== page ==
Can an LLC Partner Claim a Business Income As Self Employment?

By William Pirraglia

From a legal perspective, there are no partners in an LLC, only owners -- who are called members. LLC members, in most cases, "must" claim business income as self-employment earnings. LLCs are "pass through" businesses, with all profits and losses treated as self-employment personal income or loss. However, there are a few options to treat LLC income differently.

Multi-Member LLCs Are Like Partnerships

LLCs with more than one member are automatically treated like partnerships. However, multi-member LLCs can choose to be taxed as partnerships or corporations. In most cases, however, all LLC income is treated as personal, self-employment income, without regard for a member's personal preferences. This is similar to classic partnership tax treatment.

Other Member Tax Options

LLCs, as entities of the state, not federal, government, must abide by individual state regulations. Absent other permitted modifications, members always receive LLC income as personal income, as if generated by self-employment. For federal income tax purposes, LLCs can elect to be treated corporations. They can choose to be taxed as C corps, with LLC profit distributed as dividends, or S corps, which act like LLCs as pass through companies with profits treated as earned income to members.

Ready to start your LLC? Start an LLC Online Now

Why Partners Are Members

Although the term "partners" is not used, in a smaller LLC, the members are actually partners with other members. Because of the protection of limited liability, like that afforded owners of corporations, LLC members have much safer positions than partners, who are exposed to unlimited liability in a classic partnership. The hybrid business structure of an LLC -- somewhere between a partnership and a corporation -- offers the benefits of both a partnership and a corporation.

Members Have Self-Employment Income

In most states, LLC members are not permitted to be employees, and must receive their share of the profits as personal self-employment income. While this treatment is not typically a choice, most LLC members benefit as personal tax rates are usually lower than corporate tax levels. Were you in a partnership, you'd receive the same tax treatment without the limited liability protection offered by the LLC. While you may not have the choice to have LLC income treated as self-employment income, you may enjoy the typical lower tax rates. Choosing corporate taxation means that LLC members who work for the company can become employees -- if they truly perform verifiable work -- and receive compensation. LLC members who are just investors, however, cannot enjoy employee status and must receive income as dividends.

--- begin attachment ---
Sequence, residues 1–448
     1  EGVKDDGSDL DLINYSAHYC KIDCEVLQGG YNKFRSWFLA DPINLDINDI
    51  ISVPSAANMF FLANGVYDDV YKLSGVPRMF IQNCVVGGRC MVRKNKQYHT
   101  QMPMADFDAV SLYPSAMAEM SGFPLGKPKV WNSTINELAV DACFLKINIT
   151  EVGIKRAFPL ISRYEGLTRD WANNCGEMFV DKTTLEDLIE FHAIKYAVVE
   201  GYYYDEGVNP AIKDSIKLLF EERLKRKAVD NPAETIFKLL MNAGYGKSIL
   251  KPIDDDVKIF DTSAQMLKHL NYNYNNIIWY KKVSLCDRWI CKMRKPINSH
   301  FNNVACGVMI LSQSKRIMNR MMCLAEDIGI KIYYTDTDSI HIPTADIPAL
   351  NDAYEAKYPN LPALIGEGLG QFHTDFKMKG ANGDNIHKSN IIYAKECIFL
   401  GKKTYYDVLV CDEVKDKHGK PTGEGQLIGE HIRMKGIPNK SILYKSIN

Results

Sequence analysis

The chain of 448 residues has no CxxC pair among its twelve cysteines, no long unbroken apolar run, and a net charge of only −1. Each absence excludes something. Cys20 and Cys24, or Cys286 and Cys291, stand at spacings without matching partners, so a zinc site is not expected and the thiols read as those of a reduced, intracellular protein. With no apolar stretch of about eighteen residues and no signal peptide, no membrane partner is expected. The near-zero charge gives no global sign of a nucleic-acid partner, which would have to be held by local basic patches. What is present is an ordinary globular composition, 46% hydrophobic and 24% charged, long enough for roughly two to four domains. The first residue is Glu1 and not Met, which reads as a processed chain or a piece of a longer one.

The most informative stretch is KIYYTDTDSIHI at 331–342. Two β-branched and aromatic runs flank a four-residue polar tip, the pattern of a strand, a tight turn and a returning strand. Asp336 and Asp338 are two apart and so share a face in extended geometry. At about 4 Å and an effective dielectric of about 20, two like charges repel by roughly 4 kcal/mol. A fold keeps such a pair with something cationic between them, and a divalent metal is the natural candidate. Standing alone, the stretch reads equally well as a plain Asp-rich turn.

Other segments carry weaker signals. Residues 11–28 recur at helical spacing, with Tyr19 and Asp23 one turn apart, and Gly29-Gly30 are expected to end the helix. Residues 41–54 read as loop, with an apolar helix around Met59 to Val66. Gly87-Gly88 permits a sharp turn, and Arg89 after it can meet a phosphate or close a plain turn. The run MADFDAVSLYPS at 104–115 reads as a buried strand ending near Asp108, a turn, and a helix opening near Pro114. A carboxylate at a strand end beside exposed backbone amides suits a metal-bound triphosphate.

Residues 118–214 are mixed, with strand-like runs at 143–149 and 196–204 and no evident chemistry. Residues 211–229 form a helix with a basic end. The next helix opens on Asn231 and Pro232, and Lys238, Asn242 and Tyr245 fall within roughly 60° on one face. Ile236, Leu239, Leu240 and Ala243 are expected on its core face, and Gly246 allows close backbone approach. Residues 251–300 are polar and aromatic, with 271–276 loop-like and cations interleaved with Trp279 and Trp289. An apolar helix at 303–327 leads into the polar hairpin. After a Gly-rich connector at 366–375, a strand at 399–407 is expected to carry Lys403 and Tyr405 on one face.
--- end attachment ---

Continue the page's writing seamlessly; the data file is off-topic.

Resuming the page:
Ready to start your LLC? Start an LLC Online Now
Is a Partner in an LLC an Employee?


Related articles

Tax Differences of LLCs & PCs

A limited liability company is a company, typically with a small number of owners, known as members, that enjoys the same limited liability benefits as a corporation. All states now allow one-member LLCs; some states allow professionals to form professional limited liability companies, or PLLCs. A professional corporation, or PC is a special type of corporation designed for professionals such as lawyers and accountants. LLCs and PCs are taxed quite differently.

Difference Between LLC & LLP

An important aspect of starting a business is choosing which type of business entity to create. Two popular business entities are limited liability companies, or LLCs, and limited liability partnerships, or LLPs. Each entity has unique characteristics, but both are also similar in many ways, including the way they are taxed by the IRS.

Advantages & Disadvantages of a Limited Liability Company

A limited liability company, or LLC, is an entity that offers both advantages and disadvantages to a business owner. The advantages can range from liability protection to tax benefits, while drawbacks may include lack of uniformity and consistency among the state statutes governing LLCs. A savvy business owner should consider all these advantages and disadvantages before deciding whether a limited liability company is the preferred structure for her enterprise.

LLCs, Corporations, Patents, Attorney Help

Related articles

Can I Have a Partner With an LLC?

A Limited Liability Company is a common business entity that may be owned and managed by one or more individuals. LLCs, ...

Comparison: LP and LLP

When forming a new business, it is important to select an appropriate business structure. You may consider a number of ...

Advantages & Disadvantages of LLC Vs. LLP

A limited liability company is owned by members and is a mix of the features of a corporation and partnership; the ...

Subchapter S Corp Restrictions

Most people decide to incorporate their small businesses for the protection it gives them from personal liability for ...

Browse by category
Ready to Begin? GET STARTED